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Last week, we took a look at the components every novice event management professional should focus on to help build a strong portfolio. Today, we’re going to take a quick look at how you should format a business portfolio, fitting those component pieces together to best catch the eye of prospective clients. More importantly, we look at the language and presentation of your portfolio that will best ensure perspective clients hire you.  Not surprisingly, presentation plays a huge role in every aspect of an event professionals’ career.

Putting together your event management portfolio for the first time can be an intimidating process. It’s all too easy to get discouraged, particularly if you don’t have too many experiences to include. Ignore this; you need to start somewhere.

First, outline the natural progression of your professional story:

  • Who you are (brief professional bio)
  • What services do you offer (professional capabilities)
  • What you have done (professional affirmation)

You’ve got the first one down. Write a paragraph about yourself, your company, and your personal take on your sector of the industry. Then ask yourself what a potential client may take away if they only read that paragraph. Is there something memorable and of value to a potential client?

Remember, a portfolio is not that different from a resume, you need to portray who you are and what your capable of, but also keep it short.

Think about the “economy of language” and make each word count. It’s enough to include a short paragraph describing each type of service you provide, with a few bullet points noting the key components of each.

When promoting your past achievements, stay away from TMI, too much information! Your clients don’t need to know what time an event started, or what sort of food was served, or that you once broke up a fight. What they do need to know is that you “understand crowd logistics and safety” or that you can tap into “a network of high-quality catering companies.”  Your not telling old stories, your demonstrating to your clients exactly what you can provide them.

Don’t be too vague, either – share information in a straightforward, matter-of-fact way. There is a fine line between using industry slang to show you know your stuff, and losing your audience by not using everyday, conversational language.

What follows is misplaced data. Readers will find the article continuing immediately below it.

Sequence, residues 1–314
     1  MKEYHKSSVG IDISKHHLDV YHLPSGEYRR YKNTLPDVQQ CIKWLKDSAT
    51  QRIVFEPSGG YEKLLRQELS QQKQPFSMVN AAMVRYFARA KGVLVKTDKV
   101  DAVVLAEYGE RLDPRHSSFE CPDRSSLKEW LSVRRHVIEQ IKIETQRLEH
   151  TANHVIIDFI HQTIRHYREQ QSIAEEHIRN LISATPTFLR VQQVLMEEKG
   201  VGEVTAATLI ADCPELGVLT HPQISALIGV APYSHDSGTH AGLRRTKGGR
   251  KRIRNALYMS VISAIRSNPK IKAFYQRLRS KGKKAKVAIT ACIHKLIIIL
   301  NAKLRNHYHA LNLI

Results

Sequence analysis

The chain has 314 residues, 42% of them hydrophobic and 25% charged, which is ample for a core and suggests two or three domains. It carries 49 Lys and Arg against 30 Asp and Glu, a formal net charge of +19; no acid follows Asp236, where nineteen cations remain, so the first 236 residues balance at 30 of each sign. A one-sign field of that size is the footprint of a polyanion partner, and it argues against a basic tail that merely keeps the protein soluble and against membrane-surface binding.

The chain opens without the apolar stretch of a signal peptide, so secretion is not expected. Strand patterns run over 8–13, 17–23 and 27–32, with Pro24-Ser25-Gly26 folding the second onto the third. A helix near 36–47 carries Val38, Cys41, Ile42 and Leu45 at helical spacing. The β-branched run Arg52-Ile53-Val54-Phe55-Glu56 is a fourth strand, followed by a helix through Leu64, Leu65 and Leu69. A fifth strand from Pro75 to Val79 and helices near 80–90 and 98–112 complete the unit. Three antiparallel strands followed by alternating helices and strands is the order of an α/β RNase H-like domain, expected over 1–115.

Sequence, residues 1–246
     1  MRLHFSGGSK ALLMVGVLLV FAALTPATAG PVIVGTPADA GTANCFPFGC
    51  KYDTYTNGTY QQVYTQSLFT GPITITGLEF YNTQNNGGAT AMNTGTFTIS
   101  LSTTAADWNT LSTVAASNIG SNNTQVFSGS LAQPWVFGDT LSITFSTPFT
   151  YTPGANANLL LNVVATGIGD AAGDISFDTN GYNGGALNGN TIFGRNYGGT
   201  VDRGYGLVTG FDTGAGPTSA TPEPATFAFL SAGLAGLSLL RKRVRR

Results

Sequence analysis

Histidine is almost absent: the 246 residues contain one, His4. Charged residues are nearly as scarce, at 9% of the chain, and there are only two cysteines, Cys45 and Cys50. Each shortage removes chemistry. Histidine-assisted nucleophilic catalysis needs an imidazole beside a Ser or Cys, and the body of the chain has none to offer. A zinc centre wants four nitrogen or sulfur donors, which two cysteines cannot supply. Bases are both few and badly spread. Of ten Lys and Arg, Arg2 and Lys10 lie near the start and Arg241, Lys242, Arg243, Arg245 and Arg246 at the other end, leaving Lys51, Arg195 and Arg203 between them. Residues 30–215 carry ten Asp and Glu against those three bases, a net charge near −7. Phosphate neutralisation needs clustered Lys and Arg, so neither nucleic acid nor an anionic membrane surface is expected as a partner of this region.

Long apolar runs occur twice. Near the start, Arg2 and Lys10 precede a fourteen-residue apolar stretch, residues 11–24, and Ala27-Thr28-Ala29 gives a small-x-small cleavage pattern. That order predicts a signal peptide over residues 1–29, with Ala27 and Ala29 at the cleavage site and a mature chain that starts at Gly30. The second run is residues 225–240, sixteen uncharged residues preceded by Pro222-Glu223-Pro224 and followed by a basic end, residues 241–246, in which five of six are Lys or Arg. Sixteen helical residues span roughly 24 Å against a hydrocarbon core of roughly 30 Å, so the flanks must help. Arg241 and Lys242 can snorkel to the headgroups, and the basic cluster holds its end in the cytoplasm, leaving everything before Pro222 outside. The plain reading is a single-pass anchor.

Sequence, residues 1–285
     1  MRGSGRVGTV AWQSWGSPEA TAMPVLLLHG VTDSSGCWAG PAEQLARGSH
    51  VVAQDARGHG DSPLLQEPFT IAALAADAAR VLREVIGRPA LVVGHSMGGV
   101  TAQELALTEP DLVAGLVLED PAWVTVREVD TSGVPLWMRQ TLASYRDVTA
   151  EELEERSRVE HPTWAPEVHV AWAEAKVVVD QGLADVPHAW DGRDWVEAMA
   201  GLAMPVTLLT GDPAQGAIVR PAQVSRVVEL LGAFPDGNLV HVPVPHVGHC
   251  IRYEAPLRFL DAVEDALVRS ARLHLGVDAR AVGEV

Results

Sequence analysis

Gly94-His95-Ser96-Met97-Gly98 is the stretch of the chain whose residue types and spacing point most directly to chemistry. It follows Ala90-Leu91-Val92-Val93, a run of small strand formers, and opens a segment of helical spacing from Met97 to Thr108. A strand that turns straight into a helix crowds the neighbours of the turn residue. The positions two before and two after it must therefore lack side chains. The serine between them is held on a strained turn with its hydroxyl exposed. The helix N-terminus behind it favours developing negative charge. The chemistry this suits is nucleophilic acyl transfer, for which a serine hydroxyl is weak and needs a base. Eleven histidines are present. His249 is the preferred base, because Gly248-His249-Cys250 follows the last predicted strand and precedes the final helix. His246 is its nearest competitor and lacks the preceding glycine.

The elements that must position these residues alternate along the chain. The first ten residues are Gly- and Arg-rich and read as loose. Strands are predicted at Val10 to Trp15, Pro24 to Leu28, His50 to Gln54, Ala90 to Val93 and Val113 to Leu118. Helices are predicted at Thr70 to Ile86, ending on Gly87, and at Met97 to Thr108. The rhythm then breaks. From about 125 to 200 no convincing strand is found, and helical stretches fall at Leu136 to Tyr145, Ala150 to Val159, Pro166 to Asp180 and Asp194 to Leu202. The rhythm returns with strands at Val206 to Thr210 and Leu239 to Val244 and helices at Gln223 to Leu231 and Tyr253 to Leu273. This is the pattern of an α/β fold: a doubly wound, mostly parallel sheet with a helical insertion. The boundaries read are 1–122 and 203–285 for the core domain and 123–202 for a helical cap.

Please! Make certain all content shared in your management portfolio is your own work.

Don’t use stock images or a stock website design (assuming you’re posting things online.) You’re trying to sell yourself here, not anyone else. That said use a copy-editor for text. There is something to be said for an outsider perspective and good editing.

So now you’ve put together a sharp-looking portfolio. You’ve outlined your career and highlighted the accomplishments you’ve pull off as a novice event professional. Your portfolio is eye-catching – a graphic designer made it look tight, and it lets clients know you’re actually good at what you do.

Yes, we’ll say it. “Fake it ‘til you make it!”

This may sound cliché, but the most important piece of advice we can give is to show confidence. To be completely honest, without confidence everything else pretty much falls apart; it doesn’t matter how well put-together your portfolio is if you appear nervous or unsure of yourself. Believe me; this applies as much to initial phone calls as in-person meetings, and certainly your website copy when you get to that stage.

When presenting yourself and your work avoid being passive, wishy-washy or apologetic. Use the active voice and active verbs, speak in the present, not the future; “we build engaging events” vs. “we will build engaging events.” Don’t tone down your capabilities as an event planner rather own your strengths. There is no reason to be modest about your achievements. You can still be humble even when sharing your expertise. And never admit your mistakes without detailing what you learned from them.

If your portfolio looks sharp and you present yourself with confidence and charm, you’ll be surprised how far you can go.

Next week, we’ll take a look at how you can use your new portfolio to land your first event management gig.